I just returned from our 2 national events in St. Louis, including the 5th Annual Precision Farming Dealer Summit. More top-level dealer attendance at the event this year confirms that precision remains both a challenge and opportunity to be figured out.
These dealer-to-dealer Summits, where dealers guide the agenda and do nearly all the presenting, never fail to fill the notebooks and iPads with practical solutions and ideas. But it was Jack Zemlicka’s selection of a dinner speaker — an industry “outsider” — that had my brain firing long after the cocktail hour should’ve slowed it down.
Jim Henderson presented on the topic of systems integration from an industrial equipment perspective. As part of a broader message, he offered a few minutes of study into what thwarts sales and may keep a deserving buying decision from ever getting started.
He painted a picture of “that deal” that you just cannot close. The customer wants and needs it, and you have the perfect solution.
It’s not stuck because of the product and what it does or doesn’t do, he says. Rather, it’s your inability — after the need and options are identified and defined — to address the risks that the customer feels over it. “If sales aren’t closing and you don’t know why, it’s always risk.”
He showed a graph from the book Solution Selling by Michael Bosworth that described the 3 phases of a sale: needs definition, evaluation of alternatives and action. In the progression of what weighs most heavily on the buyer, cost never rises to the top. As decision-making time nears, it’s all about risk.
There’s much to be studied on whether more refined sales processes can overcome deals that would otherwise go south. But if Bosworth, Henderson and others are right, the limiting factor is entirely about risk.
The Exemplary Group’s Jim Henderson delivered the dinner presentation at the 2020 Precision Farming Dealer Summit in St. Louis. This single slide, from Michael Bosworth’s Solution Selling work, initiated dialog about the hidden deal-killer -- risk. One attendee noted that “If you didn’t understand what he was talking about, you won’t be in business in 5 years.”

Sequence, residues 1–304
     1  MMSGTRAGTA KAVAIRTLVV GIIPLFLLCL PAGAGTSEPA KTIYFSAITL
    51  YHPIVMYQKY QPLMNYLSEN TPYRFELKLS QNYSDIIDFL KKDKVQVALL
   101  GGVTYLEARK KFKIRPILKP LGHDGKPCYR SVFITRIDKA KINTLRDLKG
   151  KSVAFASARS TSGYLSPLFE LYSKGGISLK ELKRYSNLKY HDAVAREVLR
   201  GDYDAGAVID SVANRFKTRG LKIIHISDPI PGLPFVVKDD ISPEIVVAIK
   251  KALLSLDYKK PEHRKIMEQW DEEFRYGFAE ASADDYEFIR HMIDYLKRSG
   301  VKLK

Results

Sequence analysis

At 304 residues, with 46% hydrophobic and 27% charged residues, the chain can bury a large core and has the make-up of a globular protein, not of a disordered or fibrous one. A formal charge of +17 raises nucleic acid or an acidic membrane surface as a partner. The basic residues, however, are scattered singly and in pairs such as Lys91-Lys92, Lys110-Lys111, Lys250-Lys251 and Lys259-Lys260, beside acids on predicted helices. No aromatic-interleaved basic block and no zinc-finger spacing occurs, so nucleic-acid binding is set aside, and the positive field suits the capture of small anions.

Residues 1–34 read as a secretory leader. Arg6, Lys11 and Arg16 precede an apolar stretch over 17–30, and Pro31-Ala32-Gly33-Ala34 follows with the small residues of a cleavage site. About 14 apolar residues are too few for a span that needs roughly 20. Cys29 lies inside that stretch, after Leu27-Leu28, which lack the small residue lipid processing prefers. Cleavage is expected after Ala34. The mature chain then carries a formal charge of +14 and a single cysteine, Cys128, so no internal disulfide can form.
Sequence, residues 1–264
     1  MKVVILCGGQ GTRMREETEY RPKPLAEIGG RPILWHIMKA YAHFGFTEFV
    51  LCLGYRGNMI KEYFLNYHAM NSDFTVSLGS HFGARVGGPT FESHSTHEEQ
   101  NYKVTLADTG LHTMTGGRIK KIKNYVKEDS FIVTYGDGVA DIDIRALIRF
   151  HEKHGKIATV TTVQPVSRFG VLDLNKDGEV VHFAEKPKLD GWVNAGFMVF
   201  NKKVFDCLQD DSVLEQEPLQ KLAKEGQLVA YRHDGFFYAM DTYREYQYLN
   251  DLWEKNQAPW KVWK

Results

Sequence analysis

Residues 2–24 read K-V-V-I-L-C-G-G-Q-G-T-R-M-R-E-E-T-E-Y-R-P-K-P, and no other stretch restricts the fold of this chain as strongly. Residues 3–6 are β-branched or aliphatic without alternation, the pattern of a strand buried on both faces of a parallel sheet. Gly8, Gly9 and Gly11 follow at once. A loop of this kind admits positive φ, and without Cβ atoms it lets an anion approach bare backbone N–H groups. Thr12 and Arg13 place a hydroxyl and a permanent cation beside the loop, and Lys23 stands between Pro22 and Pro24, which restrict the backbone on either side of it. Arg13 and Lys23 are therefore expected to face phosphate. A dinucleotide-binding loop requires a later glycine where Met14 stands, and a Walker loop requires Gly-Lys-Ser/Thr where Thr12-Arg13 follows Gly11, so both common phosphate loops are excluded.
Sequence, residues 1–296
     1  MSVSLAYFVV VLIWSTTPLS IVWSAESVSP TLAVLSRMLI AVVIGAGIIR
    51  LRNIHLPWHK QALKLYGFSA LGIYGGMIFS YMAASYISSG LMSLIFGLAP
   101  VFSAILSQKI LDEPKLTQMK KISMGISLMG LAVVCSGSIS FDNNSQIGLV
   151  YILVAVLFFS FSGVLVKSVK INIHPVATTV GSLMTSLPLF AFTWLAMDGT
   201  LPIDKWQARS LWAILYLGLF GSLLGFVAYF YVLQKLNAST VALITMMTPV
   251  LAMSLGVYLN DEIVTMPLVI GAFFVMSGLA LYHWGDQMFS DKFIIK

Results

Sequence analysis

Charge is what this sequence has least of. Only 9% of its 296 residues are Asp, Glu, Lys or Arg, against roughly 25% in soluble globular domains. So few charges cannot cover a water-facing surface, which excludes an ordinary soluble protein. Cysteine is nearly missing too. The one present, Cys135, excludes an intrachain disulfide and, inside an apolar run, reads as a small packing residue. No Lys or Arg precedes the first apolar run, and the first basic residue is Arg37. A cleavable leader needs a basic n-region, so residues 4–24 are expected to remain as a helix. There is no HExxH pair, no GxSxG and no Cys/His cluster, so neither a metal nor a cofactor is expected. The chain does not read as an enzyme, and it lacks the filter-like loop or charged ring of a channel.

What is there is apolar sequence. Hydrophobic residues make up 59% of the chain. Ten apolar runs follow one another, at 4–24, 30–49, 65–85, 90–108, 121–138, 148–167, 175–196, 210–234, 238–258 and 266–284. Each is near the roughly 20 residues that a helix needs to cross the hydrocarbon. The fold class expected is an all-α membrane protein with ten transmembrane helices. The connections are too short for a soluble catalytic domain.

More profound than a simple technique Henderson discovered in his industry is the question: how can you effectively manage risk paralysis?
Obviously, a successful change in practice (say a move into strip-tillage, for example),requires more than a properly matched toolbar to horsepower. How far can you as the machinery expert go in mitigating risk? How much of that job can or should be expected to fall on the dealer?
Past performance is the best indicator, of course. But there are things machinery dealers are doing that look like an effort in that direction ... Sponsoring and facilitating customer peer groups where mistakes and best ideas are shared, and contacts developed. Large-scale, independent research in local conditions that isn’t designed around specific outcomes. Dealers traveling long distances with their customers to conferences for shared experiences, answers and networks that can be tapped when problems arise. Or as I learned during a roundtable last week, prohibiting a wholegoods salesman from entering a planter sale until a precision specialist has first blessed it. Saving the customer from himself may be the biggest risk-mitigator of all.
Our history-related podcasts (with farmers, dealers and manufacturers) of the last 2 years have sought to unearth what separated the survivors from those who didn’t make it. What perhaps we’ve missed (to date) is capturing how risk was dealt with in the moment, in real time. Regardless of whether it came from a place of knowledge or faith, it makes you wonder if survivors understood and recognized the risks (including the risk of doing nothing) in a different way.
Attendees from the Precision Farming Dealer Summit will soon be able to access videos of the general sessions, courtesy of Laforge Systems Inc.
A longtime veteran of farm machinery stopped by our offices on the heels of the conferences and left us with another deep thought to weigh. “Different isn’t always better,” he says. “But better is always different.”
Can a dealership — by itself or via the farmer’s other stakeholders — find a competitive advantage in this arena? Email me at firstname.lastname@example.org about how you, and/or others in your customer’s stakeholder circle, have moved things forward in this way.